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A 500 degrees C 8-b Digital-to-Analog Converter in Silicon Carbide Bipolar Technology
KTH, School of Information and Communication Technology (ICT), Integrated Devices and Circuits.
KTH, School of Information and Communication Technology (ICT), Integrated Devices and Circuits.
KTH, School of Information and Communication Technology (ICT), Integrated Devices and Circuits.ORCID iD: 0000-0001-6459-749X
KTH, School of Information and Communication Technology (ICT), Integrated Devices and Circuits.ORCID iD: 0000-0003-3802-7834
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2016 (English)In: IEEE Transactions on Electron Devices, ISSN 0018-9383, E-ISSN 1557-9646, Vol. 63, no 9, 3445-3450 p.Article in journal (Refereed) Published
Abstract [en]

High-temperature integrated circuits provide important sensing and controlling functionality in extreme environments. Silicon carbide bipolar technology can operate beyond 500 degrees C and has shown stable operation in both digital and analog circuit applications. This paper demonstrates an 8-b digital-to-analog converter (DAC). The DAC is realized in a current steering R-2R configuration. High-gain Darlington current switches are used to ensure ideal switching at 500 degrees C. The measured differential nonlinearity (DNL) and integral nonlinearity (INL) at 25 degrees C are 0.79 and 1.01 LSB, respectively, while at 500 degrees C, the DNL and INL are 4.7 and 2.5 LSB, respectively. In addition, the DAC achieves 53.6 and 40.6 dBc of spurious free dynamic range at 25 degrees C and 500 degrees C, respectively.

Place, publisher, year, edition, pages
Institute of Electrical and Electronics Engineers (IEEE), 2016. Vol. 63, no 9, 3445-3450 p.
Keyword [en]
Bipolar ICs, bipolar junction transistor (BJT), current steering R-2R digital-to-analog converter (DAC), high temperature, silicon carbide (SiC), Spice Gummel-Poon
National Category
Electrical Engineering, Electronic Engineering, Information Engineering
Identifiers
URN: urn:nbn:se:kth:diva-194477DOI: 10.1109/TED.2016.2588418ISI: 000384574400011Scopus ID: 2-s2.0-84979781492OAI: oai:DiVA.org:kth-194477DiVA: diva2:1040982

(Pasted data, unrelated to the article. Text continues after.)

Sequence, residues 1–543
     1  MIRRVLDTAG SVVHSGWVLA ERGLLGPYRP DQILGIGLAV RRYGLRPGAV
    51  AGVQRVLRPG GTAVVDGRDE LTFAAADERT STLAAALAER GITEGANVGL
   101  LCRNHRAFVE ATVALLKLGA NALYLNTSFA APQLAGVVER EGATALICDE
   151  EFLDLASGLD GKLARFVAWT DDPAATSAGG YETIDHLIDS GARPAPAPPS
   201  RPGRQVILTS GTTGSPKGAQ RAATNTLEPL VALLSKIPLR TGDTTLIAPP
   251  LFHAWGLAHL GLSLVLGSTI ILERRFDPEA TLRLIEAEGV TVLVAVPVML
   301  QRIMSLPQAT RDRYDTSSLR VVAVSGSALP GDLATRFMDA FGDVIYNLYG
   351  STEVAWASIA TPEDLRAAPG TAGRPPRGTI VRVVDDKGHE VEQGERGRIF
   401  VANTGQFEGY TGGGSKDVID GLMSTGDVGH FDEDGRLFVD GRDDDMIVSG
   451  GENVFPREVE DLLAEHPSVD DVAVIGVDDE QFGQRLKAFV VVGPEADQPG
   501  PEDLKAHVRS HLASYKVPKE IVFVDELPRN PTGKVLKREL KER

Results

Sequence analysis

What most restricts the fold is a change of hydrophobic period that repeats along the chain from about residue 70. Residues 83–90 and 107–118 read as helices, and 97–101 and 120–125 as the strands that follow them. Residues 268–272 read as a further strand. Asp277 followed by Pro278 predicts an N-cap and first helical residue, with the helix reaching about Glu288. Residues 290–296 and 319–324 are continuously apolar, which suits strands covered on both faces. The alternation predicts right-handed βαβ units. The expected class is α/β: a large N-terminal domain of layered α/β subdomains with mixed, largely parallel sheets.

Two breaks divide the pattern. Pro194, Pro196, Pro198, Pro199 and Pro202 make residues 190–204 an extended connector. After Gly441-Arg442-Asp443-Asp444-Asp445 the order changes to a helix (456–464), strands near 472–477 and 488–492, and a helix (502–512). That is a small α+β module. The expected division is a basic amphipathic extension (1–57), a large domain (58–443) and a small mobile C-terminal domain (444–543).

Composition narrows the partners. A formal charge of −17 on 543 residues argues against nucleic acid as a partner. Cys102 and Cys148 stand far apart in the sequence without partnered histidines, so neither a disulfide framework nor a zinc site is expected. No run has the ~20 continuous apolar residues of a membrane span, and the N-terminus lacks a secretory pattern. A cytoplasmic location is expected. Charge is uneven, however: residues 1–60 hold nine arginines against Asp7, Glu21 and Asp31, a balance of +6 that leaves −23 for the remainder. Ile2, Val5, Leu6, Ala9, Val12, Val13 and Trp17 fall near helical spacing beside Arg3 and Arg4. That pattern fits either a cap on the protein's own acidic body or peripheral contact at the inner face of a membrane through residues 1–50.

Funder
Swedish Foundation for Strategic Research
Note

QC 20161031

Available from: 2016-10-31 Created: 2016-10-28 Last updated: 2017-09-05Bibliographically approved
In thesis
1. High-Temperature Analog and Mixed-Signal Integrated Circuits in Bipolar Silicon Carbide Technology
Open this publication in new window or tab >>High-Temperature Analog and Mixed-Signal Integrated Circuits in Bipolar Silicon Carbide Technology
2017 (English)Doctoral thesis, comprehensive summary (Other academic)
Abstract [en]

Silicon carbide (SiC) integrated circuits (ICs) can enable the emergence of robust and reliable systems, including data acquisition and on-site control for extreme environments with high temperature and high radiation such as deep earth drilling, space and aviation, electric and hybrid vehicles, and combustion engines. In particular, SiC ICs provide significant benefit by reducing power dissipation and leakage current at temperatures above 300 °C compared to the Si counterpart. In fact, Si-based ICs have a limited maximum operating temperature which is around 300 °C for silicon on insulator (SOI). Owing to its superior material properties such as wide bandgap, three times larger than Silicon, and low intrinsic carrier concentration, SiC is an excellent candidate for high-temperature applications. In this thesis, analog and mixed-signal circuits have been implemented using SiC bipolar technology, including bandgap references, amplifiers, a master-slave comparator, an 8-bit R-2R ladder-based digital-to-analog converter (DAC), a 4-bit flash analog-to-digital converter (ADC), and a 10-bit successive-approximation-register (SAR) ADC. Spice models were developed at binned temperature points from room temperature to 500 °C, to simulate and predict the circuits’ behavior with temperature variation. The high-temperature performance of the fabricated chips has been investigated and verified over a wide temperature range from 25 °C to 500 °C. A stable gain of 39 dB was measured in the temperature range from 25 °C up to 500 °C for the inverting operational amplifier with ideal closed-loop gain of 40 dB. Although the circuit design in an immature SiC bipolar technology is challenging due to the low current gain of the transistors and lack of complete AC models, various circuit techniques have been applied to mitigate these problems. This thesis details the challenges faced and methods employed for device modeling, integrated circuit design, layout implementation and finally performance verification using on-wafer characterization of the fabricated SiC ICs over a wide temperature range.

Place, publisher, year, edition, pages
KTH Royal Institute of Technology, 2017. 107 p.
Series
TRITA-ICT, 2017:16
Keyword
silicon carbide (SiC), bipolar junction transistor (BJT), high temperature, SiC integrated circuit, Spice Gummel-Poon (SGP), operational amplifier (opamp), negative feedback amplifier, bandgap reference, masterslave comparator, digital-to-analog converter (DAC), analog-to-digital converter (ADC), flash ADC, successive approximation register (SAR) ADC
National Category
Electrical Engineering, Electronic Engineering, Information Engineering
Research subject
Electrical Engineering
Identifiers
urn:nbn:se:kth:diva-213697 (URN)978-91-7729-496-2 (ISBN)
Public defence
2017-09-29, Ka-Sal A (Sal Östen Mäkitalo), Kistagången 16, Kista, Stockholm, 13:00 (English)
Opponent
Supervisors
Funder
Swedish Foundation for Strategic Research
Note

QC 20170905

Available from: 2017-09-05 Created: 2017-09-05 Last updated: 2017-09-18Bibliographically approved

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